I've stayed away from geared heads in the past becasue they are too slow to operate. It does make sense to use a geared head on 8x10, but I have my doubts if it could really hold my Toyo - once you add rails, lens, film holder, shade it weighs in at 12-15 kgs distributed at both ends of an up to 1000 mm long rail. Those little brass or bronze gears might be fine for an SLR but with an 8x10 monorail the center of mass is 25 cm up from the mount. It would just break from the load if not properly balanced. And the camera itself is all geared once you level it, so there is no need for precision head movements, just a strong lockdown. As a contrast, my Burzynski ballhead has only five parts (plus four huge bolts) and they are all huge - it's virtually indestructible, handles field conditions like sand and mud with a stride.
For smaller formats like 4x5 a cube is too heavy at 900 grams - a good small ballhead at 450 grams is sufficient for a wood 4x5 unless you have really bad technique. And for an SLR a ballhead makes much more sense - for me - unless I would do specialized work like macro and product shots.
The advantage of the Cube is the speed and accuracy with which you can zero -- no fuddling around trying to align all axes at once -- combined with relatively light weight for its rigidity, which is more than adequate for 4x5 or MF systems with big glass attached...For smaller formats like 4x5 a cube is too heavy at 900 grams - a good small ballhead at 450 grams is sufficient for a wood 4x5 unless you have really bad technique. And for an SLR a ballhead makes much more sense - for me - unless I would do specialized work like macro and product shots.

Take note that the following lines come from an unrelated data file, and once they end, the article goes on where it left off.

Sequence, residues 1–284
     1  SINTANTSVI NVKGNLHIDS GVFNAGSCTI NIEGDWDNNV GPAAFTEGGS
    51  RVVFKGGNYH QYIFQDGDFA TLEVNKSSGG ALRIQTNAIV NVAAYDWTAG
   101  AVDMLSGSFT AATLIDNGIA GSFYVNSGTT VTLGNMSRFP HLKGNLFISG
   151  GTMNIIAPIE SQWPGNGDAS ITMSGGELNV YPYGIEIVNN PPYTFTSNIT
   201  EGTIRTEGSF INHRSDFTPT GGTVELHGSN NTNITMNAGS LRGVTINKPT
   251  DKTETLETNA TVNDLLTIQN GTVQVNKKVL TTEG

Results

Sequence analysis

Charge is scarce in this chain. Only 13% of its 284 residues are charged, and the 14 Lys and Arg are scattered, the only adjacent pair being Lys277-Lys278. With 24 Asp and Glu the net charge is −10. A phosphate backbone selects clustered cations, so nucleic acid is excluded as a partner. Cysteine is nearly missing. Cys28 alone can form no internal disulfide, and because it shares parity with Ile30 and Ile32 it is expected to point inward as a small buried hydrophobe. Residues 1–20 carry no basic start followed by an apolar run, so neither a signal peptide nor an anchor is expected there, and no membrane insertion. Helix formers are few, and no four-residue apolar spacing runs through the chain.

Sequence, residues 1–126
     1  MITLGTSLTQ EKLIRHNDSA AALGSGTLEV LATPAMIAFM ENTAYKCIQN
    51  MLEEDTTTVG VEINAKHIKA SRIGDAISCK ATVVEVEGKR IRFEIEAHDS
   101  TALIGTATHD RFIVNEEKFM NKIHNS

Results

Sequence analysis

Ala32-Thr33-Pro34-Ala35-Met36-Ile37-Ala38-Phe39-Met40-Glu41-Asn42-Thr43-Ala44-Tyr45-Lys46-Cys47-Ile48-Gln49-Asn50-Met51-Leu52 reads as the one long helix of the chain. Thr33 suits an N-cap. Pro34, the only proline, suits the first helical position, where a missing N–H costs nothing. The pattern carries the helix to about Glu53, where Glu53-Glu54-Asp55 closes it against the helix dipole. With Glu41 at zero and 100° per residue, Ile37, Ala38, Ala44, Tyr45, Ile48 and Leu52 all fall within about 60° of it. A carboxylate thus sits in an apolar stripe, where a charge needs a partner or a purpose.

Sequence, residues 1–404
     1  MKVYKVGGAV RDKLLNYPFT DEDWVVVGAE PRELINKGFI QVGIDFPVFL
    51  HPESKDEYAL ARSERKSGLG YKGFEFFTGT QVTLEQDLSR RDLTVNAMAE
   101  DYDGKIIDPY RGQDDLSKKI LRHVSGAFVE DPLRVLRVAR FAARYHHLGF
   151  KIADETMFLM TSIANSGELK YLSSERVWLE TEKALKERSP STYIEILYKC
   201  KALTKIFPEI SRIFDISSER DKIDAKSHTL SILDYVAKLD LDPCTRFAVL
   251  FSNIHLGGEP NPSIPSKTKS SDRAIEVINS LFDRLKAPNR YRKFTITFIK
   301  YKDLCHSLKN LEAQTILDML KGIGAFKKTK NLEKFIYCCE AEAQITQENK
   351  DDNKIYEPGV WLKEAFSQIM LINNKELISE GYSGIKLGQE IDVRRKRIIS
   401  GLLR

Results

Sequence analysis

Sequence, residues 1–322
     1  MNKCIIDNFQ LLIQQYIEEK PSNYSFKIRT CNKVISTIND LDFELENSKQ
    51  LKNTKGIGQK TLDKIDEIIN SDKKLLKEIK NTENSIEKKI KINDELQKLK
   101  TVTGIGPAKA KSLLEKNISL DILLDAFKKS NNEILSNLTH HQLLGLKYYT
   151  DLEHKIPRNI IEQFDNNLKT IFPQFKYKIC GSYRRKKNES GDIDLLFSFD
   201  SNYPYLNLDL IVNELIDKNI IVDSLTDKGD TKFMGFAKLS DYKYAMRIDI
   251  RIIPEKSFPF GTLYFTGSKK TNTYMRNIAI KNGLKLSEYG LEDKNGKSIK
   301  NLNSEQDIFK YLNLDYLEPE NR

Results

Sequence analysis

...and there was Jack's (expected) reply. Like I said I have never used a Cube, your experience is of course more valid than my mere speculation.
Levels are perfect as well.
I'm so impressed I also ordered the PC-54NS ballhead.
I sold my RRS BH-55 in the meanwhile.
Great value at $235 USD for the PC-54NS
I've found the perfect accessory to complement your cube!
Take a look at this...
Just to corroborate Willem's first use of the cube, I just got mine from Korea (USD $985 shipped to CA, with leather pouch ) and did a quick test this last weekend -- it's rock-solid, gearing is smooth, levels accurate -- I'm happy!
Their ball heads are also excellent!
I prefer the Photo Clam PC-54NS to the RRS BH-55.
And it's half the price!
Who now pays for the development of the Rm3d? Or will you just take the superior Rm3d from Photoclam which arrives next year? And you wondering about the economy (ok, just ONE important aspect)?
I seriously hope you as photographers will never run into someone who operates like this with your work.
Last edited by georgl; 28th April 2009 at 06:13.
One question on the photoclam ballhead -- On the A/S B1, the ball is actually egg-shaped to prevent a total flop-over when the friction is released, so as the camera moves off Top-Dead-Center on the B1, the amount of friction automatically increases. Is the PhotoClam the same?
Not to worry Jack, if your camera is damaged using their head, you can buy the PhotoClam knock-off camera next year.
Markins Q-Ball M10 for sale in the US.
Doesn't that also look alike the AS Monoball#2?
Who is nocking off who?
if you have been in photography as long as I have,I know that "styles" are borrowed
from other photographers all the time.
Nobody is original,maybe you?